Kate Moss is known for many things, but the spoken word isn’t one of them. In part, it’s down to the radio silence approach she has assumed for much of her 25-year career.
“I used to get very ill just worrying about [interviews] before they came out,” she told T magazine in 2010. “I just didn’t like it. When I first started out I did press because I wasn’t really aware that they would write something really horrible but then they did.” That, combined with her realisation that “a lot of the time you walk in a room they already know what they want to write about you”, led to the Garbo-esque approach which, it could be argued, has helped her achieve the iconic status she now, and will forever, hold.
Even in this age of social media, Moss has declined to sign up and share the slightest detail (though she does have a secret, protected Instagram account), something she credits to her most famous ex, Johnny Depp.
“He told me ‘never complain, never explain’. That’s why I don’t use Twitter and things like that,” she told Vanity Fair in 2012. “I don’t want people to know what is true all the time and that’s what keeps the mystery.”
But avoiding social media, arguably the source of many a newsworthy quote in this day and age, hasn’t helped her to avoid quotation controversy.
When asked if she had any mottos by WWD in 2009, she tactlessly responded: “Nothing tastes as good as skinny feels.” The comment sparked uproar and Moss was condemned for glamorising and encouraging eating disorders.
Years of silence and a little controversy aside, when Moss has spoken, she’s given us some tasty insights into her life and career, here are some of the best and what they say about her…
“I see a 16-year-old now and to ask her to take her clothes off would feel really weird. But they were like, if you don’t do it, then we’re not going to book you again,” she told Vanity Fair in 2012.
Sure, Moss may be known for her lack of inhibitions – it didn’t take Playboy to get her full-frontal nude, she’d been doing it for years – but that hasn’t always been the way. She was just 16 when she unwillingly shot her famed topless shoot for The Face with Corinne Day, the photos that launched her career. When the world’s biggest model is questioning the industry’s interaction with young models, surely that’s a wake-up call.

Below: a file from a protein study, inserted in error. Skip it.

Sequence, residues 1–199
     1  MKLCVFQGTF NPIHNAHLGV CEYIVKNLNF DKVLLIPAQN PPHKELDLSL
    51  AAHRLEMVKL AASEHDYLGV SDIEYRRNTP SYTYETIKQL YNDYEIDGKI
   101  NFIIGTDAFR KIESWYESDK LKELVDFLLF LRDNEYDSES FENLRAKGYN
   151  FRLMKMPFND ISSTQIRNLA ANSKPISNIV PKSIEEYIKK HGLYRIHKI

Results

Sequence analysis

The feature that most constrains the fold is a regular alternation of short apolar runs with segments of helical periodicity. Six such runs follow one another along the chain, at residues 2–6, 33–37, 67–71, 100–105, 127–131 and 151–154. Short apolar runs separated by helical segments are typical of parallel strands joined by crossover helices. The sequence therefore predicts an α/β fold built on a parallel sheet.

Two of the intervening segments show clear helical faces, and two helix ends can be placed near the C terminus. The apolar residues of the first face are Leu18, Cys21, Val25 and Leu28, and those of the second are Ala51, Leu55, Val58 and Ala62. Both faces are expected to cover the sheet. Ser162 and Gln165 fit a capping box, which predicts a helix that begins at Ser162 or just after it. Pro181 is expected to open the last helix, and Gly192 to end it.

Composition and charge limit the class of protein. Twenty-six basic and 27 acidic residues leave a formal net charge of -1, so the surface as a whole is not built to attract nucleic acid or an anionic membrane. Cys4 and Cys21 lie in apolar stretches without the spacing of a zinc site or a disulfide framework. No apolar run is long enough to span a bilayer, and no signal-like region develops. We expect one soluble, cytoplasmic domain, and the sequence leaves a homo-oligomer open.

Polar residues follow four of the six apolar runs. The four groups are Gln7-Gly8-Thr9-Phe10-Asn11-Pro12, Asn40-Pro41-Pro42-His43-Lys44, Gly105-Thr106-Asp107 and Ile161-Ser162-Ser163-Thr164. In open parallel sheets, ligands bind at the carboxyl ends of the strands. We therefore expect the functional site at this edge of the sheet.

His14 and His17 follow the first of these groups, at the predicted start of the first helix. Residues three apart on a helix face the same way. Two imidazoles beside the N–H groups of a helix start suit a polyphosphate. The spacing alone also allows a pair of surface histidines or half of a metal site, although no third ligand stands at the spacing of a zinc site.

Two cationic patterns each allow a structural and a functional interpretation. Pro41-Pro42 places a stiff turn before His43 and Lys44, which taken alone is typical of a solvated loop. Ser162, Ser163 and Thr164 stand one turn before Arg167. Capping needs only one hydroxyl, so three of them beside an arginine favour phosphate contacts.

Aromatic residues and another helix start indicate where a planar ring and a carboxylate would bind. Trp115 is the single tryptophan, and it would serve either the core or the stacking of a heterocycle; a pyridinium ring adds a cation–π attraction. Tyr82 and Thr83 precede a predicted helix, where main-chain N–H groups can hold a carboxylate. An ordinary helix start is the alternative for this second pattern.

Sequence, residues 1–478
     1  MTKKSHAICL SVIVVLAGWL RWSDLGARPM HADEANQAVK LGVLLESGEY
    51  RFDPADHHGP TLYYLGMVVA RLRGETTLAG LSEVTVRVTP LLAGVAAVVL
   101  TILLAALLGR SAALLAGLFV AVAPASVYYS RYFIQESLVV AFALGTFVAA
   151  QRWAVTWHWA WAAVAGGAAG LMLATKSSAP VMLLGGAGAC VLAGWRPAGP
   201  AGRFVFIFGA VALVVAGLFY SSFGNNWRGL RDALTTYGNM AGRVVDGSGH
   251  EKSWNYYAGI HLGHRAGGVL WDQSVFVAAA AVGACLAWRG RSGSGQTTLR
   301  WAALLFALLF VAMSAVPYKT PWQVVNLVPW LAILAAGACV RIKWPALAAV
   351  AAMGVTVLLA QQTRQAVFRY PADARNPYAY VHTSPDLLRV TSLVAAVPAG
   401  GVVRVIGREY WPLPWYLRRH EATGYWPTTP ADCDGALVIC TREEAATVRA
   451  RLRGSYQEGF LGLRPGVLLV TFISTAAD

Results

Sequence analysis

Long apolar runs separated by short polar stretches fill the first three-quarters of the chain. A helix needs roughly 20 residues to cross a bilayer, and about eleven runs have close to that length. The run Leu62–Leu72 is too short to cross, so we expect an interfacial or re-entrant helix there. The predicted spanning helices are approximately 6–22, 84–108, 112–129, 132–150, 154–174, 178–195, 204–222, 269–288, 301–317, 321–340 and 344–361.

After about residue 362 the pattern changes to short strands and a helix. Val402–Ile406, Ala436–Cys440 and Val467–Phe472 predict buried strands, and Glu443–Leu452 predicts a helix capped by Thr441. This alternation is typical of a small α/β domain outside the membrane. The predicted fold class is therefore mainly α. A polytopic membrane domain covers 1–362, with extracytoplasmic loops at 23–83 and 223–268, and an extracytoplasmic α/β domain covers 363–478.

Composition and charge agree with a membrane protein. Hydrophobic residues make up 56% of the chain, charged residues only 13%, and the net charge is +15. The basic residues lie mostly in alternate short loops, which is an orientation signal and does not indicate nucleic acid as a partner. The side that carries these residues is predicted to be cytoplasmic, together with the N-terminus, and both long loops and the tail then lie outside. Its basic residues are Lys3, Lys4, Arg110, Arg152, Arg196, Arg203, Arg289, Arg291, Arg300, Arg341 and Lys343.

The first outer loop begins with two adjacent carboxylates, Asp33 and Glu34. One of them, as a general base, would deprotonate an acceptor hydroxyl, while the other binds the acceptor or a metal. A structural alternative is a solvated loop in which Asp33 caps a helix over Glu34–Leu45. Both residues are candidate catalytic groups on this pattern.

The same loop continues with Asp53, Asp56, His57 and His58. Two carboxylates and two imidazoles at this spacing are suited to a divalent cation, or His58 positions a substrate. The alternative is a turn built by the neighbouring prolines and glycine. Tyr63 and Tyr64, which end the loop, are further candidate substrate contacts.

“I’m not going to be horrible just for the sake of having attitude or make other people feel small just to make me feel bigger.”Of all the stories you hear about Moss, it’s rare for them to involve tales of diva behaviour. In fact of those who’ve worked with her, you’ll struggle to find a bad word to be said about either her or her work ethic.
“I thought we might all burst into flames, all the crap we’ve done,” she told Vanity Fair of the guests at her church wedding, deliciously consolidating all of those raucous rumours we’ve heard. Of course, we’ll never really know what “all that crap” is, it’s part of the ‘Moss mystery’.
“I have met almost everyone I’ve wanted to meet.”
How many people can say that at age 40?
“People think your success is just a matter of having a pretty face. But it`s easy to be chewed up and spat out. You`ve got to stay ahead of the game to be able to stay in it.”
And that’s exactly what Moss has done. Proving there’s more to her than just a pretty face, she’s managed to work seamlessly through three different decades, where other models have come to be defined by, and confined to, just one.
“I want to live my life in a way that when I get really old, I look back at my life and say: aaah I lived it, not survived it.”
We could all learn a little something from this one, couldn’t we?